Potassium (K) remains in tissues in ionic form and is not used in the synthesis of new compounds as are nitrogen and phosphorous. Potassium is mobile in plants and tends to move from older to younger, more active growing tissue. Potassium seems to be important in the formation of proteins, carbohydrates (sugar and starch), and chlorophyll. It is necessary for the translocation of sugars and the formation of starch. Potassium stimulates root growth and improves size and quality of fruit.
Potassium deficiency symptoms first appear as interveinal chlorosis of the youngest leaves. In advanced stages, the leaf margins turn red and subsequently develop into a marginal leaf scorch (dry, dead tissue) starting at the tip of the leaf.
Micronutrients are those nutrients which are essential, but only required in very minute amounts, and descriptions of deficiency symptoms were developed by withholding the essential elements in greenhouse studies, so these symptoms would be very rare to see in the field. A high soil pH greater than 5.5 could result in Iron (Fe) or Manganese (Mn) symptoms of interveinal chlorosis similar to Potassium symptoms. Wild Blueberries tend to selectively accumulate Mn so high levels that the optimal may be obtained and are not a problem. However, other micronutrients such as boron (B) and copper (Cu) can injure plants if applied at higher amounts than necessary for plant growth and can cause extensive damage to blueberries, so check the levels from your leaf nutrient report to insure you are not exceeding the maximum amounts.
The original levels of nutrient concentrations we used in the past were reported by Trevett in 1972. These standards have been updated from work reported by Santiago in 2011 (Table 1). The macronutrients N and P are slightly higher while the micronutrients Fe and Zinc (Zn) are now slightly lower. These values will help you evaluate the nutritional status of the blueberry plants in your fields. If the concentrations of Nitrogen or Phosphorus from your blueberry leaf samples are below the satisfactory level you should refer to the recommendations provided by the University of Maine Wild blueberry foliar analysis report (see example in Wild Blueberry Fact Sheet No. 222, Leaf and Soil Sampling Procedures).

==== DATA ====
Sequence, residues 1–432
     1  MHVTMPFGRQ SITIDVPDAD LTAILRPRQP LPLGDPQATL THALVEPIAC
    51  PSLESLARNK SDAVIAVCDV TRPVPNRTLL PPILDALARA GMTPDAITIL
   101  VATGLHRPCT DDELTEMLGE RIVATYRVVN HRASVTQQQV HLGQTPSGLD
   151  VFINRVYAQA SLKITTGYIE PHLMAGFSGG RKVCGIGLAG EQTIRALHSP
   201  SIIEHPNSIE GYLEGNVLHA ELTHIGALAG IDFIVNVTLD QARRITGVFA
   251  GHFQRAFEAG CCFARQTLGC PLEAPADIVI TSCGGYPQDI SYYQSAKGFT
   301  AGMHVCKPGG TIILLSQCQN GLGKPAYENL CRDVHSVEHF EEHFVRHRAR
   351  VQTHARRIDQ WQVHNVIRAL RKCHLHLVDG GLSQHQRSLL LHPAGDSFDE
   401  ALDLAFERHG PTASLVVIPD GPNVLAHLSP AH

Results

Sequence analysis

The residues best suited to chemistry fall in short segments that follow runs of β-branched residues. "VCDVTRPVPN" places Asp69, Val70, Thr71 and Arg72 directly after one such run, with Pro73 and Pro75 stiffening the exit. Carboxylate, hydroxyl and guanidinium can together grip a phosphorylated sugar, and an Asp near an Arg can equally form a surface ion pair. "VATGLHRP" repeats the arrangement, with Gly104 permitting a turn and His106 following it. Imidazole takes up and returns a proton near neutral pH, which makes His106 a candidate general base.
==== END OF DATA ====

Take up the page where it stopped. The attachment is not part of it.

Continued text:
Levels of Potassium or the micronutrients will not have recommendations because we have not found a yield increase by adding these nutrients. However, if the levels are below the minimum then adding micronutrients could be beneficial but if above the maximum then any fertilizer mixture with that micronutrient should not be added because these nutrients such can be toxic to blueberries if too much is applied.
Procedures for obtaining and submitting leaf samples for the Wild blueberry foliar analysis report are found in Wild Blueberry Fact Sheet No. 222, Leaf and Soil Sampling Procedures.
To verify that the fertilizer application has raised the levels to the optimum level you should also take leaf samples from the field the year you apply the fertilizer.
|Foliar Nutrient Levels of Lowbush Blueberries*
|Boron (B)||2 ppm||44 ppm||23 ppm|
|Iron (Fe)||34 ppm||37 ppm||35 ppm|
|Manganese (Mn)||710 ppm||2637 ppm||963 ppm|
|Zinc (Zn)||10 ppm||15 ppm||13 ppm|
|Copper (Cu)||3 ppm||6 ppm||4 ppm|
|Molybdenum (Mo)*||1.20 ppm||3.30 ppm||0.33 ppm|
|Aluminum (Al)||98 ppm||289 ppm||179 ppm|
|Sources: Santiago 2011 MS Thesis University of Maine, Orono * Trevett 1972|
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© 1987, 2013